Delta Air Lines has recorded impressive financial results for the March 2015 quarter.
Delta’s adjusted pre-tax income for the March 2015 quarter was $594 million, an increase of $150 million over the March 2014 quarter on a similar basis.
Delta’s adjusted net income for the March 2015 quarter was $372 million, or $0.45 per diluted share, and its adjusted operating margin was 8.8 percent.
On a GAAP basis, Delta’s March quarter pre-tax income was $1.2 billion, operating margin was 14.9 percent and net income was $746 million, or $0.90 per share.
Results include $136 million in profit sharing expense, recognizing Delta employees’ contributions toward meeting the company’s financial goals.
The company used its strong cash generation in the quarter to return $500 million to shareholders through dividends and share repurchases and to make $904 million in pension contributions.
“Delta’s business is performing well, producing the best March quarter, both operationally and financially, in Delta’s history,” said Richard Anderson, Delta’s chief executive officer.
“While the strong dollar is creating headwinds with international revenues, it also contributes to the lower fuel prices which will offset those headwinds with over $2 billion in fuel savings this year. We are looking at June quarter operating margins of 16-18 percent with over $1.5 billion of free cash flow—these record results and cash flows show that the strong dollar is a net positive for Delta.”
Capacity Actions in Light of Strong Dollar and Lower Energy Prices
To address currency headwinds, Delta plans to reduce its international capacity by 3 percent year over year for the winter schedule.
These international reductions, combined with 2 percent domestic growth, will result in flat system capacity for the December quarter.
Capacity adjustments will be focused on markets that have been most affected by the strong dollar and markets where demand has been negatively impacted by the decline in oil prices.
Key actions for the December quarter will include a 15-20 percent reduction in service from Japan, a 15 percent reduction to Brazil, a 15-20 percent reduction to Africa, India and the Middle East, and suspension of service to Moscow for the winter season.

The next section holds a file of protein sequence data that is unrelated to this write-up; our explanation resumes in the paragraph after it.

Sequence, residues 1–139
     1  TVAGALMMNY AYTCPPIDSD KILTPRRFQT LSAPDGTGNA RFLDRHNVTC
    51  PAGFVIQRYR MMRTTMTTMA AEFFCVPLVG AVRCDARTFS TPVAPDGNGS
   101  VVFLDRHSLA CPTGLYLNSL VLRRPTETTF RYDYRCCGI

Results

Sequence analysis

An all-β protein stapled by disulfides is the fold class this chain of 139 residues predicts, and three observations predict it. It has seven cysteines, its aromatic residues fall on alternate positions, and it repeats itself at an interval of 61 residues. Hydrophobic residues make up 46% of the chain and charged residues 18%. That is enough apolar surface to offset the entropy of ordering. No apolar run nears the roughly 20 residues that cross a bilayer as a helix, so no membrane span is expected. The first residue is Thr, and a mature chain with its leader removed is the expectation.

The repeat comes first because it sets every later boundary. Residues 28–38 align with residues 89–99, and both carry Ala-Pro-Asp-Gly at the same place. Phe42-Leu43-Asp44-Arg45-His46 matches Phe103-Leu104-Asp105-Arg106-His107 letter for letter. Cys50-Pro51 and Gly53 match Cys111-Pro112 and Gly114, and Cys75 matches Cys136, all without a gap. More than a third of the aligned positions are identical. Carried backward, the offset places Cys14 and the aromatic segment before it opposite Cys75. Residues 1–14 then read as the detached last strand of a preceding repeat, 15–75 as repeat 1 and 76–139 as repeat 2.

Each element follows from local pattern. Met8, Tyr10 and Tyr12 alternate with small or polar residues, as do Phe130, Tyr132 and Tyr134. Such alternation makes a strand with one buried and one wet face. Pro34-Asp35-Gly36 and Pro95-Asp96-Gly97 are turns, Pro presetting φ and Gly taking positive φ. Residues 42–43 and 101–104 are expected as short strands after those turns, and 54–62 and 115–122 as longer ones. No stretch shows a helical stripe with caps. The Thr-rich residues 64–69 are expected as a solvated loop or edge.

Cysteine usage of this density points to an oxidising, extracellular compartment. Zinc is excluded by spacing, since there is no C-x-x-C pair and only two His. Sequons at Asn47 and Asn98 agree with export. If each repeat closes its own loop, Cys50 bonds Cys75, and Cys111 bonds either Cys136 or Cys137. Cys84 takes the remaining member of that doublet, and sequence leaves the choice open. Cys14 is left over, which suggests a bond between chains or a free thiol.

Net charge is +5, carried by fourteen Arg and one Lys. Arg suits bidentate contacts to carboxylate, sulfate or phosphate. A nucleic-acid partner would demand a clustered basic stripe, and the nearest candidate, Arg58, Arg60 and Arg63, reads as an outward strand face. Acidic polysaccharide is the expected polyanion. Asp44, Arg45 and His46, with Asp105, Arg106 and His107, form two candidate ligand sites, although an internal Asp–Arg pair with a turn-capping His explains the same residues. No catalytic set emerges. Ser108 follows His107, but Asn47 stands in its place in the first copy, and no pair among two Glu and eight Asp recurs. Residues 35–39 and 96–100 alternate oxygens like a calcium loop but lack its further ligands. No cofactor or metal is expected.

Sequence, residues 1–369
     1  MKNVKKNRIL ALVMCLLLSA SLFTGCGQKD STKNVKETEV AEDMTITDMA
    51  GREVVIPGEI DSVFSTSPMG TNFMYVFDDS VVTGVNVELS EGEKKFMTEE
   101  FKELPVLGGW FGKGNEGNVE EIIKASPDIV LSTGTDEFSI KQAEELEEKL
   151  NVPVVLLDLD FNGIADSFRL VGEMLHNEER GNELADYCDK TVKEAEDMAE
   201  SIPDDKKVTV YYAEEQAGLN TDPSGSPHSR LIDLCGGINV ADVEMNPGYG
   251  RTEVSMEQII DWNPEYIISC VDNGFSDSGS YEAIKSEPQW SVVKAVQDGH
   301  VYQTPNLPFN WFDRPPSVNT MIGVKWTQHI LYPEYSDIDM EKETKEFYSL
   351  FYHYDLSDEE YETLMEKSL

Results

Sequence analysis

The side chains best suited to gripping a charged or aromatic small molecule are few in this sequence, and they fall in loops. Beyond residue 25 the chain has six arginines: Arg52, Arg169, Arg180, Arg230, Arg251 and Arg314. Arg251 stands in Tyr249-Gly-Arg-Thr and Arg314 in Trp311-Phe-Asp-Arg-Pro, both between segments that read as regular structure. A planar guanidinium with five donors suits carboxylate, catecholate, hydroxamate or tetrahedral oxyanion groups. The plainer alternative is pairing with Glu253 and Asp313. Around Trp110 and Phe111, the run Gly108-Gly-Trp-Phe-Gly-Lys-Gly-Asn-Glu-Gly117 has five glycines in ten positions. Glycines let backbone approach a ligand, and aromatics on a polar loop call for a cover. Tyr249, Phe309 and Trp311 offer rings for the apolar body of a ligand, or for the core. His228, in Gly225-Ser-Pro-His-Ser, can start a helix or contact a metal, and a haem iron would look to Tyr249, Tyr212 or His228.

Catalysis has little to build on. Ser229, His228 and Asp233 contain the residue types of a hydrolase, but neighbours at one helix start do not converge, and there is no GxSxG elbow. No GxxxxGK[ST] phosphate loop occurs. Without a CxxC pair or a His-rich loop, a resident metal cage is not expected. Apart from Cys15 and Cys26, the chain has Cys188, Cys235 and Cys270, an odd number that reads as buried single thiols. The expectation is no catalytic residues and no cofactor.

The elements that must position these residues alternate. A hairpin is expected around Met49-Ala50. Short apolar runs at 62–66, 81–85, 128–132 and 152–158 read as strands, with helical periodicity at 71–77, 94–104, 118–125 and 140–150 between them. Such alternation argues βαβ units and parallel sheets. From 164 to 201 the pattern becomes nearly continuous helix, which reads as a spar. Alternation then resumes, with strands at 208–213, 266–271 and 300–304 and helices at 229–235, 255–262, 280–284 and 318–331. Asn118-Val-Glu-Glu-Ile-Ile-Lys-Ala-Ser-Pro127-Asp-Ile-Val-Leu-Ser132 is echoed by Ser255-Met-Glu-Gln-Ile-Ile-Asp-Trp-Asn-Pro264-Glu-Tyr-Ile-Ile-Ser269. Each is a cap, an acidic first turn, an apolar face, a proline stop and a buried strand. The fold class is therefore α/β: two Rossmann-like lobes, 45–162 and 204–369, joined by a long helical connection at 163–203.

Delta’s operating revenue improved 5 percent, or $472 million, in the March 2015 quarter compared to the March 2014 quarter.
Traffic increased 3.6 percent on a 5.0 percent increase in capacity, which includes 2 points due to capacity removed in the first quarter of 2014 as a result of winter storms.
Foreign exchange pressured revenue by $105 million for the quarter.
Passenger revenue increased 3 percent, or $246 million, compared to the prior year period. Passenger unit revenue (PRASM) decreased 1.7 percent year over year primarily driven by 1.5 points of negative foreign exchange impact.
Cargo revenue was unchanged from the prior year period as higher volumes offset lower yields.
Other revenue increased 22 percent, or $226 million, driven by SkyMiles revenues and third-party refinery sales.
Comparisons of revenue-related statistics are as follows:
“For the March quarter, Delta delivered solid 5 percent top line growth and a 17.8 percent operating margin at market fuel prices,” said Ed Bastian, Delta’s president.
“The substantial benefit from lower fuel prices will again more than offset the unit revenue decline of 2 to 4 percent for the June quarter to produce operating margins north of 20 percent at market fuel prices.”
Adjusted fuel expense2 increased $23 million as lower market fuel prices were offset by $1.1 billion of settled hedge losses, including $300 million of early settlements of contracts originally settling in the second half of 2015 as the company restructured its hedge book.
Delta’s average fuel price was $2.93 per gallon for the March quarter. Operations at the refinery produced an $86 million profit for the March quarter, a $127 million improvement year-over-year.
Consolidated unit cost adjusted for fuel expense, profit sharing and special items (CASM-Ex3), was down 1.4 percent in the March 2015 quarter on a year-over-year basis, with higher capacity, foreign exchange and the benefits of Delta’s domestic refleeting and other cost initiatives offsetting the company’s investments in its employees, products and operations.
“With nearly 10 percent of our expenses non-dollar denominated, we are seeing cost tailwinds from the strong dollar which should benefit our non-fuel unit costs by 1 point in the June quarter,” said Paul Jacobson, Delta’s chief financial officer.
“With this currency benefit and the strong cost control that is a hallmark of the Delta culture, we are on track to deliver our eighth consecutive quarter of non-fuel unit cost growth below 2 percent in the June quarter.”
Adjusted for special items, non-fuel operating expense in the quarter increased $333 million year-over-year driven by wage increases, profit sharing, and higher volume-related expenses.
These cost increases were partially offset by foreign exchange and savings from Delta’s cost initiatives.
Non-operating expense, adjusted for special items, declined by $34 million as a result of $55 million in lower interest expense, partially offset by an $11 million higher foreign exchange loss on foreign-denominated assets and liabilities compared to the first quarter of 2014.
Source: Delta Air Lines